The Occupation — Place, Balance, and Proximity

Today is the one-month anniversary of the Occupy Wall Street demonstration.  It is fair to say that the media, a decent portion of the American public, and many people abroad are now paying attention.  There is still, of course, no guarantee of long-term success or longevity.  However, to  sustain something like the occupation for more than a few days, much less several weeks, is nothing short of remarkable. 

Mayor Bloomberg has publicly stated that he wants  to protect protesters’ speech and assembly rights.  But he recently suggested that “the Constitution does not protect tents . . . It protects speech and assembly.”  That’s right.  But the tents in Zuccotti Park are not on public property.  Whether they knew it or not, the protesters may have chosen their contested place very wisely — the private owners of Zuccotti Park have been slower to move against the protesters than the City might likely would have been.  In at least one locality, officials reportedly closed a public park in response to an “occupation” protest.  Judging from the police response to the occupiers, and from other limits imposed by the Bloomberg Administration on public assemblies and demonstrations, it seems clear that the City would have intervened if it owned Zuccotti Park.  Unless and until the trespass laws are enforced against the protesters, the City is not likely to seek to remove them.  It’s property law, not the First Amendment, that has thus far determined whether the protesters have a right to be in Zuccotti Park. 

Hizzoner made another interesting statement about the occupation recently.  He expressed concern that the occupation had adversely affected other citizens’ “right to be silent.”  Elaborating, Mayor Bloomberg said: “We can’t have a place where only one point of view is allowed. There are places where I think it’s appropriate to express yourself, and there are other places that are appropriate to set up Tent City. They don’t necessarily have to be one and the same.”  How exactly is this public demonstration affecting those who want to remain silent?  Are the 1% somehow being silenced by the nature and scope of the occupation?  Are those who disagree with the protesters unable to mount a counter-protest?  A recent poll indicates that 72% of NYC voters support the occupation so long as it remains peaceful.  Are the viewpoints of the other 28% not being heard?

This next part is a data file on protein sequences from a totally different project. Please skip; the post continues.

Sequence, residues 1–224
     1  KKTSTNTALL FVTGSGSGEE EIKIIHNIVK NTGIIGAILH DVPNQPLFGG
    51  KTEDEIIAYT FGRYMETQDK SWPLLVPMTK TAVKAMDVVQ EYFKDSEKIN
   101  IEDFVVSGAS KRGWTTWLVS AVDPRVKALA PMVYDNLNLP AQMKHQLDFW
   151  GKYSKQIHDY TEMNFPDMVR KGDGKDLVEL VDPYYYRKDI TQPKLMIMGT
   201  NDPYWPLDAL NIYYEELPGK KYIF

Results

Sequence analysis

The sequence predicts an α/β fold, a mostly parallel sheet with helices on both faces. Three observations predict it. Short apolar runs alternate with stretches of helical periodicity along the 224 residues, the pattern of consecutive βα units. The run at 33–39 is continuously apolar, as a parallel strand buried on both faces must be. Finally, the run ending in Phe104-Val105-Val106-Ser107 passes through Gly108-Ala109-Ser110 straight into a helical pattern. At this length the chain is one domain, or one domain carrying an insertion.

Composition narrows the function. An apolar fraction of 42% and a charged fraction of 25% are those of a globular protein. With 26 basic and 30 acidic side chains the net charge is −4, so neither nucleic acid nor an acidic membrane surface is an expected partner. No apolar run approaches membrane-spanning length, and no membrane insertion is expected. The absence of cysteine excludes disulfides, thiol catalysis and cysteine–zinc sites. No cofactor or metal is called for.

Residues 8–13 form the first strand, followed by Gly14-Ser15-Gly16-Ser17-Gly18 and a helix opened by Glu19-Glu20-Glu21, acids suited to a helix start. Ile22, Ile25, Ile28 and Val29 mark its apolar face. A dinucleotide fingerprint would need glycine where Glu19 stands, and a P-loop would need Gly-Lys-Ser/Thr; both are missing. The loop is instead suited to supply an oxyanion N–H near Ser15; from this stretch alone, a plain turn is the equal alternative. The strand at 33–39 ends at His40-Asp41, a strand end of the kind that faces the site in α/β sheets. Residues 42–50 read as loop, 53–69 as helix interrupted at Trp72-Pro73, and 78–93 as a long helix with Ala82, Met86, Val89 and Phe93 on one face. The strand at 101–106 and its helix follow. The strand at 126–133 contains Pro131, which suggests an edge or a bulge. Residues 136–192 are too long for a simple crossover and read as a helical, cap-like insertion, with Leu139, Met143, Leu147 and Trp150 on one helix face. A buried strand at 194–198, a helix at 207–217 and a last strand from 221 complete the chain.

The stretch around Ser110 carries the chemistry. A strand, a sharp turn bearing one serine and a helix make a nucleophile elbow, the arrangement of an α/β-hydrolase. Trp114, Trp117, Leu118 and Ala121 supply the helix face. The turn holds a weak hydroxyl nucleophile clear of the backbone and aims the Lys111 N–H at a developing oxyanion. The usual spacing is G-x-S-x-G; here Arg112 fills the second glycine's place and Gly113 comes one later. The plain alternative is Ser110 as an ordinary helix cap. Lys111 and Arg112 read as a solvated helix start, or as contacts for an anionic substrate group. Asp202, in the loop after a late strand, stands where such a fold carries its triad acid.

If the Mayor is suggesting displacement of the occupation, he’s missing the point of proximity.  The occupiers are making powerful symbolic use of a location near Wall Street.  They are contesting place to reclaim something they feel has been taken from them.  Relocating the occupation would not “balance” viewpoints.  Rather, it would deprive the ocupiers of the principal means of conveying their message.            

 

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2 Responses

  1. Matt says:

    Often the best way to understand arguments that you disagree with is to read them. Bloomberg just didn’t say “right to be silent.” He said “right to silence.” People live near Zuccotti Park. The protests are noisy. That makes some people sad.

  2. Timothy Zick says:

    “Matt”: The Times account says “right to be silent.” That’s why there are quotation marks in the post. If you have a transcript of the Mayor’s remarks, maybe you could post a link rather than an insult. In any event, the argument just doesn’t make a lot of sense to me. The Mayor is concerned that protesters are drowning out “silence”? Well, of course they are. That’s the point of a public protest. The City can regulate excessive noise and congestion of streets and sidewalks. But it would be a strange free speech principle that protesters could be made to be quiet or move along because their actions are making neighborhood residents “sad.”